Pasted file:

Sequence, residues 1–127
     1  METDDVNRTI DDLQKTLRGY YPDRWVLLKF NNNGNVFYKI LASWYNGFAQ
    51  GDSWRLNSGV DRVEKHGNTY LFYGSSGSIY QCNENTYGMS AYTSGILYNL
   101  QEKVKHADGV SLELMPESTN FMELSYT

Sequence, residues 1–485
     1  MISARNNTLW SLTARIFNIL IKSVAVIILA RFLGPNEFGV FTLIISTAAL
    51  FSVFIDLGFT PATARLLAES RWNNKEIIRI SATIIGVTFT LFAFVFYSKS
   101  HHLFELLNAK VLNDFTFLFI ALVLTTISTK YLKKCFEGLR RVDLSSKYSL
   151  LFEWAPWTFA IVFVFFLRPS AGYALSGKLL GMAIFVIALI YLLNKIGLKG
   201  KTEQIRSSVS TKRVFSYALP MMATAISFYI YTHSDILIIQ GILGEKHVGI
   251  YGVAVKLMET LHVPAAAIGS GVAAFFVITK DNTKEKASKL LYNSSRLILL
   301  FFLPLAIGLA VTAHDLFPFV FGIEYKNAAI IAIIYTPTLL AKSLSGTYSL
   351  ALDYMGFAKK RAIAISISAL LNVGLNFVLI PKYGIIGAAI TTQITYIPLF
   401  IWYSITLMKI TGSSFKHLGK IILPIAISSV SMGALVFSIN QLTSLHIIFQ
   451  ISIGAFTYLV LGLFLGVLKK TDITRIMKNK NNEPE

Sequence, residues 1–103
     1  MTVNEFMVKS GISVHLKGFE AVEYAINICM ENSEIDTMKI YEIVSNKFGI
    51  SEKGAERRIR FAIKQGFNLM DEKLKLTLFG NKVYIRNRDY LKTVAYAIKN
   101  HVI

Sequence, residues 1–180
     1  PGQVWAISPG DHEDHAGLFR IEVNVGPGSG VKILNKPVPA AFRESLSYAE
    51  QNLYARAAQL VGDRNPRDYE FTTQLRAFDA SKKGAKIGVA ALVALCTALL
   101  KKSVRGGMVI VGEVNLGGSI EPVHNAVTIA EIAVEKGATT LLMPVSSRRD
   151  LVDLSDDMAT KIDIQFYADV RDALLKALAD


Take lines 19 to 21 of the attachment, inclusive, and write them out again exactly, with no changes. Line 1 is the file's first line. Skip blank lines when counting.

   101  HVI

Sequence, residues 1–180
     1  PGQVWAISPG DHEDHAGLFR IEVNVGPGSG VKILNKPVPA AFRESLSYAE